# Generic 'temporary instance' class

I've been reading about WeakPointer and WeakPointer<T> today, and it looks very useful. Rather than just using it as-is though, I decided to write a wrapper around it that covers a common usage case for me.

Code as follows:

public class Temporary<T> where T : class
{
Func<T> generator = null;
WeakReference<T> reference = null;

public T Value
{
get
{
return GetValue();
}
}

public Temporary(T value)
: this(value, null)
{ }

public Temporary(Func<T> generator)
: this(null, generator)
{ }

public Temporary(T value, Func<T> generator)
{
reference = new WeakReference<T>(value);
this.generator = generator;
}

public T GetValue()
{
if (reference == null)
return null;
T res;
if (!reference.TryGetTarget(out res) && generator != null)
{
res = generator();
reference.SetTarget(res);
}
return res;
}
}


I've tested this against my use-case and it works as I expect - the garbage collector cleans out items with no active references, and they are re-instantiated at need.

I'm looking for critiques of the implementation and suggestions for improvements/additions.

It's pretty good, clean and simple code. Not a lot to critique really. A few minor things:

1. Some people (myself included) prefer to prefix private fields with _. This way it's easy to see that it's a field rather than a local variable (and gets rid of the this. in most cases).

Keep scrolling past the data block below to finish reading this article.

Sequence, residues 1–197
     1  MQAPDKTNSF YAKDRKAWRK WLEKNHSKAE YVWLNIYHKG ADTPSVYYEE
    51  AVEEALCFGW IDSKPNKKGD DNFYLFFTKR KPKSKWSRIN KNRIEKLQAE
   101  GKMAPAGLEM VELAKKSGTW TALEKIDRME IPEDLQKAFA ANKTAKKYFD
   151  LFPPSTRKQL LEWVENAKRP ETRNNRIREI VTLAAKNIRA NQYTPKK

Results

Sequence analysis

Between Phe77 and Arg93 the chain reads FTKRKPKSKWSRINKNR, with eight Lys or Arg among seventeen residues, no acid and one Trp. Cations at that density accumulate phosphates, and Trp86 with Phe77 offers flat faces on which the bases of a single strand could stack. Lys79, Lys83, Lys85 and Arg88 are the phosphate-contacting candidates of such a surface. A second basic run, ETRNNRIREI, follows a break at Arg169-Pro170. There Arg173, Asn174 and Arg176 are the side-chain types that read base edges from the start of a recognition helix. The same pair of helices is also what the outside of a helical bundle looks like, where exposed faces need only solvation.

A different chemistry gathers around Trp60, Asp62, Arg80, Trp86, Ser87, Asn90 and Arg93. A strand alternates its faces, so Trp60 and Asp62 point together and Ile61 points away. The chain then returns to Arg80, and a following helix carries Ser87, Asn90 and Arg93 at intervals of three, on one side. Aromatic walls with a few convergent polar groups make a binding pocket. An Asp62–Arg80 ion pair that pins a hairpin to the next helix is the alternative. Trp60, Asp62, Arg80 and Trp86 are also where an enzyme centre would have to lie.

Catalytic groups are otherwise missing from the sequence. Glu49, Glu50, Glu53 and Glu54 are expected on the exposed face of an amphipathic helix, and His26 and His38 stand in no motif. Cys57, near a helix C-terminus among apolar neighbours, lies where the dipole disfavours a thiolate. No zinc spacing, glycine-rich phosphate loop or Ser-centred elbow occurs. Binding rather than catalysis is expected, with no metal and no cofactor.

2. You shouldn't have a public property and a public method which do the same thing. How is a programer supposed to know whether to use Value or GetValue? It's not obvious what the difference is or if there is one at all.

3. Not 100% sure about the null check in GetValue(). There is no code path where reference should ever be null. So it would actually indicate a bug if it were the case which you are hiding with this check. Consider removing the check or actually throwing an InvalidOperationException or similar instead. Detecting bugs early is important. Another option would be to look at Code Contracts to state the invariants of that method.

4. I have started to try and avoid null checks where possible by making sure that there is always an object. In your case this could be something like this:

public class Temporary<T> where T : class
{
private static Func<T> NullGenerator = () => null;

Func<T> generator = NullGenerator;
WeakReference reference = null;

public T Value
{
get
{
return GetValue();
}
}

public Temporary(T value)
: this(value, NullGenerator)
{ }

public Temporary(Func<T> generator)
: this(null, generator)
{ }

public Temporary(T value, Func<T> generator)
{
if (generator == null)
throw new ArgumentNullException("generator");
reference = new WeakReference(value);
this.generator = generator;
}

private T GetValue()
{
T res;
if (!reference.TryGetTarget(out res))
{
res = generator();
reference.SetTarget(res);
}
return res;
}
}

• I'm not sure about NullGenerator, it makes the code simpler, but I also think it makes it less clear. The explicit check against null in the original version is very clear. – svick Dec 6 '13 at 10:59
• +1 for the null generator and rewriting GetValue() around nulls. Exactly what I would have said. That null check on reference was certainly a bug. Also, could not agree more with item 2. – tallseth Dec 6 '13 at 13:21
• Good answer Chris. The reference == null check was a leftover from when I was thinking about implementing IDisposable, but it should throw if there's a problem with the reference. I agree with @svick about the NullGenerator, but the rest of your points are excellent. – Corey Dec 7 '13 at 9:06